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Malaria statistics have improved significantly in the past few years. Between 2010 and 2015, malaria incidence reduced by 21 per cent and the number of deaths fell by 29 per cent globally (and by 31 per cent in the African region), according to the WHO’s World Malaria Report 2016.

Despite this improvement, the disease continues to wreak havoc. The aforementioned WHO report indicates that, globally, 212 million new cases were reported in 2015, 90 per cent of which were in Africa. Furthermore, 92 per cent of the estimated 429,000 malaria deaths occurred in Africa.

These statistics highlight the global inequities in health, with Africa carrying the largest burden of the disease. Children bear the brunt of the infection. It is estimated that of the 303,000 children under five years of age who died of malaria in 2015, a staggering 292,000 were from Africa.

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The Global Technical Strategy for Malaria 2016-2030 that was adopted at the 2015 World Health Assembly calls for a 40 per cent reduction in malaria case incidence by the year 2020, but progress is particularly slow in countries with a high malaria burden, most of these being in Africa.

Interventions to control transmission of malaria include vector control mainly through use of insecticide-treated mosquito nets (ITNs) and indoor residual spraying (IRS). Efforts to scale up the coverage of these interventions have borne fruit.

It is estimated that 53 per cent of the population at risk in sub-Saharan Africa slept under a treated net by 2015 compared with 30 per cent in 2010. Anti-malarial treatment is a life-saving intervention. WHO recommends diagnostic laboratory testing for confirmation of infection before treatment in all cases of fever in malaria-endemic and non-endemic areas, including for children less than five years of age.

Diagnostic laboratory testing is important because diagnosis made on patient-reported symptoms or medical signs, rather than laboratory tests, has low levels of accuracy. The result is over diagnosis of malaria, poor management of non-malarial illnesses and wastage of anti-malarial drugs. Amref Health Africa is committed to empowering health systems and communities to fight malaria, and to do this we partner with ministries of health across Africa, donors, communities and other stakeholders.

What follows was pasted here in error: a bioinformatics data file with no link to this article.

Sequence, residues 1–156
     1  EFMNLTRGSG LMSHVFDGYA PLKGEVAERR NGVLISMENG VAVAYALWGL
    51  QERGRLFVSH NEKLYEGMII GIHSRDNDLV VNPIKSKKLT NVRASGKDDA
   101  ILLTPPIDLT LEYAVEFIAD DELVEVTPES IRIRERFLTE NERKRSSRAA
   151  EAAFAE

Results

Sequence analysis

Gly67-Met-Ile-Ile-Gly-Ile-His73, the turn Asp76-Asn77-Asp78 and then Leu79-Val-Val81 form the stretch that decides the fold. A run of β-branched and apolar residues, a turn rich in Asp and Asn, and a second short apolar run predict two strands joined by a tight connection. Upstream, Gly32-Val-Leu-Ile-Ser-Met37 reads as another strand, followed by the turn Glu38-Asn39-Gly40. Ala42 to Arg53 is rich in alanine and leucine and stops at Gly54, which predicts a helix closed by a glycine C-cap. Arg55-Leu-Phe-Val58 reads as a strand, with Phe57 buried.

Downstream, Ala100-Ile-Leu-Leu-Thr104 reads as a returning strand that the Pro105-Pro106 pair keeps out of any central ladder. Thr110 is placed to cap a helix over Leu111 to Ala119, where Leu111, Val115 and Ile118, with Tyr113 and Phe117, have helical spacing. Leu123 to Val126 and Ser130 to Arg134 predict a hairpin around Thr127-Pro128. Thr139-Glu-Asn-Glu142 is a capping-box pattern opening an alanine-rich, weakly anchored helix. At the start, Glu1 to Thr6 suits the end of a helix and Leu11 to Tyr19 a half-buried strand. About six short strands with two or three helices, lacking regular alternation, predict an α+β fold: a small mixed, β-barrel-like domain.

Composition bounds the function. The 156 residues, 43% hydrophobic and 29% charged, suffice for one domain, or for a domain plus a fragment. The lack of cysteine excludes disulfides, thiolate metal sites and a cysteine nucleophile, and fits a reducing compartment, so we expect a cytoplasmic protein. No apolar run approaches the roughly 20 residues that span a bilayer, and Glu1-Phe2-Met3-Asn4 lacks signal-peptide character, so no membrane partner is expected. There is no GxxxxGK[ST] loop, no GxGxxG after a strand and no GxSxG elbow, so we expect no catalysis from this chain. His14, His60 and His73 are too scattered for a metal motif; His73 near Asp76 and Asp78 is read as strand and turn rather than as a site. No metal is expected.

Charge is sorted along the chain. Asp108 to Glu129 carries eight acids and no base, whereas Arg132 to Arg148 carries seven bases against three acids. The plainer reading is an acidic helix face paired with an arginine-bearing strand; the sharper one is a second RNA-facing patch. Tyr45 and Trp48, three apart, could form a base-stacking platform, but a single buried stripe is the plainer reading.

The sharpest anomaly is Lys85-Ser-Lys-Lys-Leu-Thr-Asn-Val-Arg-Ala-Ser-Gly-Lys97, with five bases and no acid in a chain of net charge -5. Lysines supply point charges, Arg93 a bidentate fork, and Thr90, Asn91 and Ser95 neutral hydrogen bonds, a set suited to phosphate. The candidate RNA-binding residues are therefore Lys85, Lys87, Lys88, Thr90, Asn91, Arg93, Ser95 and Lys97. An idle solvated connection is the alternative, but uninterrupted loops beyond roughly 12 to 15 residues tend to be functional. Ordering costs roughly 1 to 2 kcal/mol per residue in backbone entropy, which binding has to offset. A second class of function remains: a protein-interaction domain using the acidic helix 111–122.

In collaboration with the WHO, we have developed several training packages to strengthen the capacity of healthcare workers for improved malaria case management, including better quality of malaria diagnostic procedures and use of malaria rapid diagnostic tests. We have also driven implementation of the East African Regional Quality Assessment Scheme (EA-REQAS), whose overall goal is improving the quality of essential diagnostic services in peripheral health facilities.

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In Kenya, with support from the Global Fund against HIV, TB and Malaria, Amref Health Africa is working at the community level to bring services closer to the people in the Western part of Kenya, where malaria is endemic.

Over 7,000 community health workers (CHWs) have been trained and are offering services including diagnosis and treatment. Community units have been established or strengthened in the region, and community health extension officers trained to support the CHWs.

To date over 300,000 people have successfully been diagnosed and treated, and use of treated mosquito nets has increased substantially. As a partner to the ministries of health, Amref Health Africa supports malaria programming at national level by participating in technical working groups, supporting quality audits and providing support supervision.

In view of the recently commemorated World Malaria Day, Amref Health Africa renews its commitment to keep up the fight against malaria. We will partner with relevant stakeholders to: continually empower communities to improve malaria prevention and management; support governments and hold them accountable to delivering on their promises to combating malaria and holding them accountable; and support governments to adopt and scale up high-impact, evidence-based interventions such as ITNs and diagnostics to strengthen the fight against malaria.

It is the responsibility of governments to protect and deliver the right to health for their citizenry. Amref Health Africa urges governments and development partners to: support the Global Technical Strategy for Malaria 2016-2030; invest in the fight against malaria to ensure scale-up of evidence-based interventions to move the continent towards universal coverage; invest in surveillance for drug-resistance and enforce regulations to combat it; and support research for the development of safer insecticides.

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Dr. Gitahi is the Group CEO of Amref Health Africa

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